What Is Web Services Policy And How Does It Work? [Part 1]

WSIT project Milestone 3 was just released. And that is a great opportunity for me to try to share some thoughts that should help you to find the answer to the question from the title of this blog. Lets apply a divide and conquer strategy so that we can address the two topics the question contains separately. In this blog we would find out what the term web service policy actually means. We would look at how does it work tomorrow in my following blog.

What is web services policy?

More and more often when people speak about web services they would mention also policies. What are they talking about? If we try to look up the word “policy” in an encyclopedia you end up with a definition like this:

A policy is a plan of action to guide decisions and actions. The term may apply to government, private sector organizations and groups, and individuals. The policy process includes the identification of different alternatives, such as programs or spending priorities, and choosing among them on the basis of the impact they will have. Policies can be understood as political, management, financial, and administrative mechanisms arranged to reach explicit goals. (Wikipedia)

If we go on and search for some more explanation in a dictionary, we discover that word “policy” is being described as a “course or plan of action”, “statement of requirement” or “contract”. Well, how does all that apply to our question? What is a policy in context of web services? In my opinion, definition of web service policy might look like this:

Policy is a set of assertions (rules, requirements, obligations) that define properties of contract of web service based communication.

Great! We have our definition! Still, what is this policy good for? The answer is not that difficult. When a client wants to communicate with a web service, first it must get some answers (in a machine readable way) to the following questions:

  1. How does the service’s interface look like?
  2. What is the format of the message payloads the service claims to understands?
  3. What are the other (behavioral) requirements I must meet to be able to talk to the service?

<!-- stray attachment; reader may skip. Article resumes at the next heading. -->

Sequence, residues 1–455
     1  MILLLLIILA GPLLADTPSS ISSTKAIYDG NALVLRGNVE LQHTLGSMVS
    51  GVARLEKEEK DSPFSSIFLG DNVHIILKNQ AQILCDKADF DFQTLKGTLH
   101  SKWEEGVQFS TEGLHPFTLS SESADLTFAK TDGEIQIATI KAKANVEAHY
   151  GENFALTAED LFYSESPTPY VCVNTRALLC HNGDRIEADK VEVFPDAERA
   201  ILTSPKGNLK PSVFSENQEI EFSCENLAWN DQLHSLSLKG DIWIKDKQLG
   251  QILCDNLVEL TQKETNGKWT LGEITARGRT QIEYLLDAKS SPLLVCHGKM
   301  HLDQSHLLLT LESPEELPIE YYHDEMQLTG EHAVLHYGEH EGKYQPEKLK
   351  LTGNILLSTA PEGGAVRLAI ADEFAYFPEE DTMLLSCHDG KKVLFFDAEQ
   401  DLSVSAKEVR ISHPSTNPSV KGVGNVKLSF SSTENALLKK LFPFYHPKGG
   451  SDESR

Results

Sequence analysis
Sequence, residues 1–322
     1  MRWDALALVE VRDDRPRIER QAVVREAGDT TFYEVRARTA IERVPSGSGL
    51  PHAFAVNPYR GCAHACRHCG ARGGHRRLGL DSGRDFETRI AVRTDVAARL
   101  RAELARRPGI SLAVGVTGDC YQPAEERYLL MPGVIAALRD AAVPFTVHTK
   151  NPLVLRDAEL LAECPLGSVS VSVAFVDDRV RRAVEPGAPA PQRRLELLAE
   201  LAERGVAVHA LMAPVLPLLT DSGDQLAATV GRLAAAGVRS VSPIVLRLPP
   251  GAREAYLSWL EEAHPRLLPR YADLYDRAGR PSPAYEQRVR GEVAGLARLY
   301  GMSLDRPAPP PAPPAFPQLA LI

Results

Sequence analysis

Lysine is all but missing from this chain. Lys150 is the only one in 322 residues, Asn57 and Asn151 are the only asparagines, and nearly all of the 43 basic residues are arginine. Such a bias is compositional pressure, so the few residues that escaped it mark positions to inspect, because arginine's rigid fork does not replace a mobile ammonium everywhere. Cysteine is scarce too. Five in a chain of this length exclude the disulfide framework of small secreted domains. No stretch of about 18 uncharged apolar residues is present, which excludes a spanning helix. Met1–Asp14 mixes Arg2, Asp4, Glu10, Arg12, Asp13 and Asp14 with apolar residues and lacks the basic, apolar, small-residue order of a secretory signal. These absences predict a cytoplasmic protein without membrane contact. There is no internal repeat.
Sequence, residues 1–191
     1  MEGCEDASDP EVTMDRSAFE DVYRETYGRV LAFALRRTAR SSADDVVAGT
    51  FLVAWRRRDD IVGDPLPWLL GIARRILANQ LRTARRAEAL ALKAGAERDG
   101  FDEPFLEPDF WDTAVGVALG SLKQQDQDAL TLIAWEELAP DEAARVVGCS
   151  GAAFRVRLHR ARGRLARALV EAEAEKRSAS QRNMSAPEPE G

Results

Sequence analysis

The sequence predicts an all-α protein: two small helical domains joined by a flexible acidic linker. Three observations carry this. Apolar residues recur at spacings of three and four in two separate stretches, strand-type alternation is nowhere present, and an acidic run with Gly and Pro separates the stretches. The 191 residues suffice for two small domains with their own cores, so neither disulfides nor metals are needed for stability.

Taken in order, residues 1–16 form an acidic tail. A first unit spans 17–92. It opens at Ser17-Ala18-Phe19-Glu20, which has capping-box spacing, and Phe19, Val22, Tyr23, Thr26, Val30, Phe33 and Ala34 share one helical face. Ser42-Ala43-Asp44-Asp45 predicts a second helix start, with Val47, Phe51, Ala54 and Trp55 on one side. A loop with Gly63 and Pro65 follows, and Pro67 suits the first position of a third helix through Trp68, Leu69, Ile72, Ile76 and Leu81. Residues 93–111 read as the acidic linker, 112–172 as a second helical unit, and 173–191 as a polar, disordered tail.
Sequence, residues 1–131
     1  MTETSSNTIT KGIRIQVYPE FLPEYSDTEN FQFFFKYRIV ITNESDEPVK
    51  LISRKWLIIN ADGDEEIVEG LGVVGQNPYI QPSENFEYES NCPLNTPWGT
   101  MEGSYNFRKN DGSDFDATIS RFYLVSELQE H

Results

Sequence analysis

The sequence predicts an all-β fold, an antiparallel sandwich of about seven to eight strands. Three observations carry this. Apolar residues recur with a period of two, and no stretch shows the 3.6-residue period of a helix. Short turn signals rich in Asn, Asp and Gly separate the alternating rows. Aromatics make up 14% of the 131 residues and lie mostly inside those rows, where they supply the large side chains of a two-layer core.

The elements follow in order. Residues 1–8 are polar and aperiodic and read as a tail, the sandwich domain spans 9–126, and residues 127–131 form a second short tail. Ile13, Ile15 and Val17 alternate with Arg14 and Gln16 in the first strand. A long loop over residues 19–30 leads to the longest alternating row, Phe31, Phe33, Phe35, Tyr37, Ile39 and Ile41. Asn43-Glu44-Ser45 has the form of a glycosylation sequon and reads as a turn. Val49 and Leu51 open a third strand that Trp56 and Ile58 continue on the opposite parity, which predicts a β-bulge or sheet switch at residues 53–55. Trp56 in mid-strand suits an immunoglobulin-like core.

The answer to the first question is obvious – WSDL is the mechanism that provides web service interface description. Within a WSDL file we may also find the answer to the second question – usually nested XSD expressions are used to describe formats of the messages that a web service uses in communication with its clients. So far, so good. And how do we get the answer to the last question? How do we find out whether our web service has some security restrictions for instance? Web services policy language is the answer. A language that defines a way how to express and describe qualities and requirements of a web service in various domains, such as security, transaction, reliability of communication (reliable messaging), message exchange optimization. There are several efforts aimed to define a common and standard language for expressing web service policies in a machine readable way. One of such languages that seems to get lots of attention is the Web Services Policy Framework specification, or simply WS-Policy. This specification, which is currently undergoing the standardization process at W3C defines the common policy language constructs. The means of attaching policies to a web service are described in a separate specification called WS-Policy Attachments.

…and that’s it for today. Do not forget to read my next blog entry tomorrow. And if you want to know more about WSIT project and it’s WS-Policy implementation, check also a very nice article written by Fabian.


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